So Wednesday’s hunt was a bust, since I didn’t even go what with 20mm of rain or so in the Halton area, so I took Friday off from my real job and following a soccer game that I was scheduled to play in, we headed north for the Bruce Peninsula with my friend Lucas “Squirrelly” Hunter.
It became pretty obvious when we broke out into the Ferndale Flats that conditions were not going to be ideal for turkey hunting. Succinctly put, it was wet. Really wet. Parts of the Flats looked like sprawling lakes, and places that normally were relatively dry were bogged down in mud. To boot, there was no sign of the rain stopping until mid-day on Friday, which put a damper on my plan to drive to a couple of likely places and troll for a shock-gobbling turkey. So instead we got in, stoked the fire that my uncle had going in the house, and laid out our gear and hit our respective beds in advance of what promised to be a wet, hard morning of turkey hunting.
Four hours later Friday morning broke just the same way that Thursday night had ended; wet and windy. In my sleep-deprived state I made my first bad decision of the 2011 turkey season. I decided that we ought to walk to our stands through a few hundred metres of turned field (read: mud). Now I am not a masochist or (too much of) an idiot, and there was method to my madness. The only place to park near the spot I wanted to go (had we driven) was very close to where I wanted to set up and the sounds of the vehicle may have spooked any potential turkeys. So we walked, because I thought that the person tilling that field would have left at least a metre or two of solid ground along the field edge. I was wrong (and I really must commend Todd on his economical use of the entire area of the field) because the area was turned over right to the very edge of the forest.
Finally arriving at stand I was very sweaty and leg-sore from slogging through uneven, gooey mud. My friend Lucas probably thought I was torturing him on purpose, but I swear I wasn’t.
I put Lucas down in a likely place to see a bird, and then took off myself for about a half-kilometre away in a hardwood bottom. After a couple of hours with no gobbling, and although I thought I heard a very distant, very faint tom turkey right at 6:30am (which more than likely was just my mind playing tricks on me ) there was no action. The rain remained on to keep me company, and once I was thoroughly chilled and soaked, I got up to stretch my legs and cover some ground before looping back to pick up Lucas. By the time I made it back to pick my friend up, the rain had basically subsided but the wind had stepped up a bit. We trolled the immediate area for a turkey and with no gobbling to be heard and no visuals obtained, made for home and some breakfast. The afternoon was improved from a weather perspective, and we picked up my cousin for a bit of a tour in the Dyer’s Bay/Cape Chin area.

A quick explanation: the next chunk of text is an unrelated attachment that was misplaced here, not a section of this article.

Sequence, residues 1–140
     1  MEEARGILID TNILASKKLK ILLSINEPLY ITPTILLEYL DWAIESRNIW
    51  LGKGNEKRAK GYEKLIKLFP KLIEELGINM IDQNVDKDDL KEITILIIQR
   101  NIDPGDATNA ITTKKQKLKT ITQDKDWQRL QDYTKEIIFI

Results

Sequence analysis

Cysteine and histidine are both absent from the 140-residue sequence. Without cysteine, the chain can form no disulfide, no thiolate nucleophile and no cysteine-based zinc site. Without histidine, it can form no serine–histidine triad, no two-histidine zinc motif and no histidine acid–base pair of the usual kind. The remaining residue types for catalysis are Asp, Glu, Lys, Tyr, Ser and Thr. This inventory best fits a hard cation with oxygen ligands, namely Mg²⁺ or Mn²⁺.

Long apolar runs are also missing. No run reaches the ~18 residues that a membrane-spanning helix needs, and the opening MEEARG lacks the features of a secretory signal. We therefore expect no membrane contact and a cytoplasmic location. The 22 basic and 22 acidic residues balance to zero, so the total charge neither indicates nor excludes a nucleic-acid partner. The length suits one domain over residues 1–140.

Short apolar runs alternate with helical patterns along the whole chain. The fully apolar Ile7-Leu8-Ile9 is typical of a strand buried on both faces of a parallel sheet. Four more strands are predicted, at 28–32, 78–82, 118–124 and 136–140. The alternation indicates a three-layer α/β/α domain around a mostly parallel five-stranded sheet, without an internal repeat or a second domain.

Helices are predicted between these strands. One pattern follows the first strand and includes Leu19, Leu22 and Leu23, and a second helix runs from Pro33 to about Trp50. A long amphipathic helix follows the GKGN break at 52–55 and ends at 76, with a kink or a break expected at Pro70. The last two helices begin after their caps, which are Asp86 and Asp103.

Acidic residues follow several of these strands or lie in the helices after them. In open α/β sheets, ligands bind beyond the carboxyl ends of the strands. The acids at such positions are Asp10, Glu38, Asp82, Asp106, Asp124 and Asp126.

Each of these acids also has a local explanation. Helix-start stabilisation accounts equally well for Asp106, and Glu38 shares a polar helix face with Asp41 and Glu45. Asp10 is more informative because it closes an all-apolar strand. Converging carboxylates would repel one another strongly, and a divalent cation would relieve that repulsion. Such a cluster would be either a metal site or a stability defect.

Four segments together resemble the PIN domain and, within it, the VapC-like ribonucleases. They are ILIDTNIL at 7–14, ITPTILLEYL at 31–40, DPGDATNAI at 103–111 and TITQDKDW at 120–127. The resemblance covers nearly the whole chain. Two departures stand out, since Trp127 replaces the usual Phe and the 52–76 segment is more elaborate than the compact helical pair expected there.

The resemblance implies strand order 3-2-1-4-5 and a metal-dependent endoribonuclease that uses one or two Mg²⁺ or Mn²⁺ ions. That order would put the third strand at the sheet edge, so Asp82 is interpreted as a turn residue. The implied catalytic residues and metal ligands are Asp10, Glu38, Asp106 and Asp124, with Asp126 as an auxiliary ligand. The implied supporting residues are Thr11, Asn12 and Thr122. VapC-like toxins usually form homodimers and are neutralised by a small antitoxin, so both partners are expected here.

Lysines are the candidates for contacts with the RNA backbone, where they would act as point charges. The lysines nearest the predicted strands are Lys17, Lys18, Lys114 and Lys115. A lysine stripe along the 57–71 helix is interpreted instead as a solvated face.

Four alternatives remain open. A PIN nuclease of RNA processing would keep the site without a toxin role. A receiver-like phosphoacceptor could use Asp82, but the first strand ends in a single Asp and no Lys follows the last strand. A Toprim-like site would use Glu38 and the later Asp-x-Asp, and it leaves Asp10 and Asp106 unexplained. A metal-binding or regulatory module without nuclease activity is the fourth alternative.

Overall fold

With no answers to our gobbles and no interest in our set ups for the early part of the afternoon, we went to property that my cousin assured us held some gobblers. We parked with the knowledge that we were the only hunters on the property at that time and set out for a stand that my cousin shot a turkey at last year. As we approached a spot near a field edge that was to be our stand, the wet weather of the preceding week threw us another curve. The path to the field edge was flooded to a depth that was well over all our boot-tops. Not wanting to get wet feet, we first cut to the west in an attempt to get around the newly formed pond. Finding that way also effectively blocked by deep water, we headed east through a cedar stand in an attempt to get around the water and into a good calling position. Unfortunately the small stream feeding the aforementioned pond had expanded to a flowing river over six feet across. It looked deep and I was in no mood to test the waters.
As we stood surveying our options to get across, I looked up and saw four red-heads bobbing curiously at us through the thick cedars and gads.
…and they were within shotgun range. It appeared as though we had interrupted a visit to the watering hole for the birds, and while none of the birds ever putted (or even ran) they knew we were not something they were used to seeing and they walked off to the northeast. Turkeys
We backed quietly out of the cedar stand and took a big loop around in an attempt to set up on a dry spot and work the birds. About an hour later, with a fair amount of calling but without a single gobble in response, we gave up on the birds that we had bumped and just headed back to the car. We had a debate about what we had done wrong and if we should come back the next morning. The answers were nothing and no. Sometimes turkey hunting is just like that, and with other hunters that we knew likely to be exercising their permission to hunt the location the next day we used discretion as the better part of valour and rolled off for home again. I was hungry and dinner beckoned.
After a meal of sautéed mushrooms, onions, and sweet peppers served with spicy pan-seared chicken thighs and pork chops washed down with a cold ale, we had some fellow turkey hunters over to watch some hockey, commiserate, and plan Saturday’s hunt.
The weather was boding well for Saturday with nothing but calm skies and sunshine on the docket, so I decided to make for a field near the deer-hunting camp that had for the least three turkey seasons held distant gobblers that refused to show themselves. It promised to be an interesting spot, and it surely proved to be that as well.
But more on that tomorrow.